I find your take to be ‘outside the box’, whether it be self-publishing or nuclear power, but consistently compelling. I admire your way of thinking to filter out the noise and see things from a fresh perspective to come to a solution rather than be tethered to a certain ideology or way of thinking. It takes honesty and courage. Can you maybe write an article where you share a little about how you do it consistently? (Or have you done so already?) Is it a ‘why not’ rather than a ‘why’ approach ala “Guns germs and steel”, or something else?

And, are you sure you can’t be our next president? :)

I’ve been pretty annoyed at several “I had COVID-19 and it’s not that bad” articles floating around, because in an era where people mostly read headlines, to me that’s just going to make people think it’s all fine to go out and spread germs because this is just nothing, just a cold, not keeping in mind that mild COVID symptoms in one person can show up as life-threatening ones in old Mr. Yamada down the street. Not that I think people should be freaking out about dying from COVID, but it feels like there’s a lack of care for the community at large, and I say this because I’ve seen people do it for years with their kids with other illnesses, sending them to do whatever—sports, school, parties, sleepovers—while they have a fever or cough. Yeah, wash your hands, but people also need to keep their friggin’ germs at home.

As a world traveler, nurse, and a resident of Kirkland Washington…the epicenter of the US nightmare…I 100% fully agree. Hopefully we can learn from our peers overseas and get a grip on this like South Korea so efficiently did. If it’s not this virus, it will be another. We learn and adapt or we don’t survive. Keep up the good work.
From one (budding) sailboat enthusiast to another…

Hi Hugh.

I’m portuguese, and living in Aveiro. What i can say about covid-19 here is that there is no more hand sanitizer in the stores.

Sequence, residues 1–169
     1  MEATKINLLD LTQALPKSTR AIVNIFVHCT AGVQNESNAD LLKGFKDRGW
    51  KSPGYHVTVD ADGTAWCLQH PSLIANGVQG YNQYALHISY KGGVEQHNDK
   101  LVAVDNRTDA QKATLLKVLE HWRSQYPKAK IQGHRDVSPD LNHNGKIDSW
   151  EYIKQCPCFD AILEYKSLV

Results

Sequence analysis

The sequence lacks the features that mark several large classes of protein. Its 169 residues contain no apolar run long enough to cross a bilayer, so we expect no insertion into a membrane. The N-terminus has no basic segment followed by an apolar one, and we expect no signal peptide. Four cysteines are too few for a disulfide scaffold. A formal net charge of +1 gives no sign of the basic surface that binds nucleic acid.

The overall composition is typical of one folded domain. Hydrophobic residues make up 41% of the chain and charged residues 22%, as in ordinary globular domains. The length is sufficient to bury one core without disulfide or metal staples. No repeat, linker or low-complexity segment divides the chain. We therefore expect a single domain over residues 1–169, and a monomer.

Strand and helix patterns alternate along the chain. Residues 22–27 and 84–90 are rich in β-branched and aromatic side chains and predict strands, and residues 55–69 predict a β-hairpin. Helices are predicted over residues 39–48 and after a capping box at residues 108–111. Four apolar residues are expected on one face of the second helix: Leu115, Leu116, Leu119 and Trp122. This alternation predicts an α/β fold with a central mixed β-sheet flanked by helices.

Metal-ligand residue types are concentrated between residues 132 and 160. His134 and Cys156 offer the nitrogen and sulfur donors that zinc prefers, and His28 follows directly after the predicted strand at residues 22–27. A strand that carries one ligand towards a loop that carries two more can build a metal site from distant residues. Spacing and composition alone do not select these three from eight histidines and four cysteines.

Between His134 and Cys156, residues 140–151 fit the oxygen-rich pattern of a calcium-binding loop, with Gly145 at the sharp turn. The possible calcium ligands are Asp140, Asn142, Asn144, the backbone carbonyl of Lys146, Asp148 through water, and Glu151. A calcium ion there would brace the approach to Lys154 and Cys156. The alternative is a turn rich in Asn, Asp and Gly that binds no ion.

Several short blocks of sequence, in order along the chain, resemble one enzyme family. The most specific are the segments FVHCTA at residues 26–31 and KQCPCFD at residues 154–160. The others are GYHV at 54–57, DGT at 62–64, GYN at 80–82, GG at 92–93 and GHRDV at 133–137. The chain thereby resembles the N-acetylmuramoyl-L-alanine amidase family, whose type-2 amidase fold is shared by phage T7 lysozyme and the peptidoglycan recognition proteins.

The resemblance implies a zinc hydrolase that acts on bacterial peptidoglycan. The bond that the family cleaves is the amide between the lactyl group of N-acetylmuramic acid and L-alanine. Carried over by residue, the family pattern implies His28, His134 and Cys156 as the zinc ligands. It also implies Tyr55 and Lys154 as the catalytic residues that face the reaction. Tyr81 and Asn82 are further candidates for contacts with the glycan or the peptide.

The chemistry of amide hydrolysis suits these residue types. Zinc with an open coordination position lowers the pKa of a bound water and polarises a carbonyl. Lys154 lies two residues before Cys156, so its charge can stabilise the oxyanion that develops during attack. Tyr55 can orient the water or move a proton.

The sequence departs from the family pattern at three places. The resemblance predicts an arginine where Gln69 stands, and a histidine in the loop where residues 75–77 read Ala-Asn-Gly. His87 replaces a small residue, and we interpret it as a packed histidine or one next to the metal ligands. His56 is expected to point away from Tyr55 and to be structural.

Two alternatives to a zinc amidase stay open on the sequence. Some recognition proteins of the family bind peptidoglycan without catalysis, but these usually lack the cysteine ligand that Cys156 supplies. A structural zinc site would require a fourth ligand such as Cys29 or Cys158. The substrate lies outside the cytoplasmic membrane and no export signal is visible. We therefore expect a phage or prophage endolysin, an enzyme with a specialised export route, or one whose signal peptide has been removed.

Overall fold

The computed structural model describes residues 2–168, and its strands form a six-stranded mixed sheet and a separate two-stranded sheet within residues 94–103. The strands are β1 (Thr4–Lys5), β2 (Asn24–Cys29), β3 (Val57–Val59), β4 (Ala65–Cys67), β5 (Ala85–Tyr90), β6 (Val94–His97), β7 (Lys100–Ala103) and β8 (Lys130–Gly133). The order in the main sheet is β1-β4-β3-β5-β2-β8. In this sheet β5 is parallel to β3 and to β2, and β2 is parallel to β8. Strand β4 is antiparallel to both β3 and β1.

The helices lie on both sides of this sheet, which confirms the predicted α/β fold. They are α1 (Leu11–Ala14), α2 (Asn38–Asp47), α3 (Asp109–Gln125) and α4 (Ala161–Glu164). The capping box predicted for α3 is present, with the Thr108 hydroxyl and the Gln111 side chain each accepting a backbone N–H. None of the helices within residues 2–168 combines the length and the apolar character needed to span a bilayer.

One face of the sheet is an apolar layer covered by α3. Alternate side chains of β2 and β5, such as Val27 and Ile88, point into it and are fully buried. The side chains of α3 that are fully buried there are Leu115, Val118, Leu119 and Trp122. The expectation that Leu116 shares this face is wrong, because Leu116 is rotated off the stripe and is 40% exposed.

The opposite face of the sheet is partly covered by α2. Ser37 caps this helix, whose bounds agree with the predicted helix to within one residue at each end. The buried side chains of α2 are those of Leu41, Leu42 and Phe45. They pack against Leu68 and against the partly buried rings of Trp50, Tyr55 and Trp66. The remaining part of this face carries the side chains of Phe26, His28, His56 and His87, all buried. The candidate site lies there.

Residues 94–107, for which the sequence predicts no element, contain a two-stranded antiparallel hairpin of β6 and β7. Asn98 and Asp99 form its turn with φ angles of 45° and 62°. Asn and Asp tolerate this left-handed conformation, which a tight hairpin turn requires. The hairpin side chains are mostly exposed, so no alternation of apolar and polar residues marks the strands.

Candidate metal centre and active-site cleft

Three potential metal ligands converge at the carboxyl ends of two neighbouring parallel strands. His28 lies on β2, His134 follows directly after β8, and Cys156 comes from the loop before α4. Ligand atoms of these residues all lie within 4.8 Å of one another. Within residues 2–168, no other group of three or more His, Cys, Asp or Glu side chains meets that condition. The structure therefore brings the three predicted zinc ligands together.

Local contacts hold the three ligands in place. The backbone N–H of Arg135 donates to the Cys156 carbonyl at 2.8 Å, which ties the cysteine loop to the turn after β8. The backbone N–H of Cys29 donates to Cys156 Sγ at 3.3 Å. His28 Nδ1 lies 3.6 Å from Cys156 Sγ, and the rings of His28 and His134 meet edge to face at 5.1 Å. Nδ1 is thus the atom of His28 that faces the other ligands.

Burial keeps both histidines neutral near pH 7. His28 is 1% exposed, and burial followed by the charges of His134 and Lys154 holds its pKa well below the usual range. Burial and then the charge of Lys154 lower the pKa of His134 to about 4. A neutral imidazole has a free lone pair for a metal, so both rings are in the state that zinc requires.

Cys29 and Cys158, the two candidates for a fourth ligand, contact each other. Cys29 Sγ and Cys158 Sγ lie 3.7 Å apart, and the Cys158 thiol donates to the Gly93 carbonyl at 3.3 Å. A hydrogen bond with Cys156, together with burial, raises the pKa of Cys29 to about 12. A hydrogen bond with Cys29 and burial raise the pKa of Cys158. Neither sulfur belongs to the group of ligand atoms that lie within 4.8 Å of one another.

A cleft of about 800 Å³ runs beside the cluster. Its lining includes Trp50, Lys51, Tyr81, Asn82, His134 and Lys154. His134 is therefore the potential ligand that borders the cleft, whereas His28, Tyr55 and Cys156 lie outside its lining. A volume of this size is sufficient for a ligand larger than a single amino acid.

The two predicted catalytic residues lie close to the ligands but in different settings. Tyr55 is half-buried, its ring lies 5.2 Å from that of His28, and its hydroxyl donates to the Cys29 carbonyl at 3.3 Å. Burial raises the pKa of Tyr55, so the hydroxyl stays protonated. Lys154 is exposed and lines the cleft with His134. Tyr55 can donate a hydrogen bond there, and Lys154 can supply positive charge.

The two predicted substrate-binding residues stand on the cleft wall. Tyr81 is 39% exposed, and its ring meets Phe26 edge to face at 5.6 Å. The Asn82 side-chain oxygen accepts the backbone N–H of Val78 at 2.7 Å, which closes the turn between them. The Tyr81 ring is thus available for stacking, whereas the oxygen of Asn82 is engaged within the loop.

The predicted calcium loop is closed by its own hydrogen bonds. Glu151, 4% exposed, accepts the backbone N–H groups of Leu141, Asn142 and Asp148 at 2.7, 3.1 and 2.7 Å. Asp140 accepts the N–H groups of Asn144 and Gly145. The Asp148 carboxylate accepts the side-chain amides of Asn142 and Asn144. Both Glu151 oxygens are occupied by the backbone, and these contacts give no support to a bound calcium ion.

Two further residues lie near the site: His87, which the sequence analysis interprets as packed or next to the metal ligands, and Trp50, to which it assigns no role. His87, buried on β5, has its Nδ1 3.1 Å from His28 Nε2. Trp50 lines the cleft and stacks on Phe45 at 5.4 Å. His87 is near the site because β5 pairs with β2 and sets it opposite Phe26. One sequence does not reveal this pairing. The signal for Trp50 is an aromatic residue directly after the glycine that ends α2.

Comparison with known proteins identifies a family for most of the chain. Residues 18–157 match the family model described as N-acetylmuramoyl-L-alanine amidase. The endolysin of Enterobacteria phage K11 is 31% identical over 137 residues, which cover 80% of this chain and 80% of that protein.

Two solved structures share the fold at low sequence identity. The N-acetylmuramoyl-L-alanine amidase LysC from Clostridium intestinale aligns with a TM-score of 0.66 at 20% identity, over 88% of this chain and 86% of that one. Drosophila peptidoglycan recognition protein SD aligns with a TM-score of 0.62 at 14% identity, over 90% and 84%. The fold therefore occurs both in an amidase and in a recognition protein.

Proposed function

Not even in pharmacies.

But you are right about the soap, or handwashing cream. Amd you are right about this. We will surpass this storm.

BUT.

Now its frightning. Specially if you have family. By now our government should have closed schools ( only 2 are closed near Porto and one or two in Lisbon).

Drive through Corona tests should be available here and in the rest of Europe. It’s not. And i suspect that the portuguese government is not doing those tests simple because our health system isnt capable of a good response if the number of cases peaks.

Im doingy best to stay safe. And hope that this will soon pass…

Interesting. The couple of places we went into had stock. Might have been a fluke? Be safe.

I think your terrible book is The World is Flat by Thomas Friedman. He is a big proponent of globalism going so far as to say two countries both in the same global supply chain will not go to war with each other. Interesting take. But global supply chains are subject to disruption in pandemic situations it would seem. Gonna be a shaky time for the economy, national and global.

Thank you, Hugh, for your rational and reassuring posts on Covid 19.
I am undergoing cancer treatment and have asthma. Watching the news makes me feel like I need to panic. (I am definitely watching less of it.)
Your posts are so reasonable and logical.
I deeply appreciate your efforts to cool down the heat of people’s panic.
As for me, due to my susceptibility, I have chosen to self-quarantine. I am married and retired, so it is not hard to do, except it can get a bit lonely. I prefer to think of it as choosing to live a “cloistered” life for a time.
You are so right when you say the real heroes are the people who stay home from work, many sacrificing income, when they are ill for the sake of their colleagues and the general public.
Please keep sending us bits of sanity while this lasts.

Comments are closed.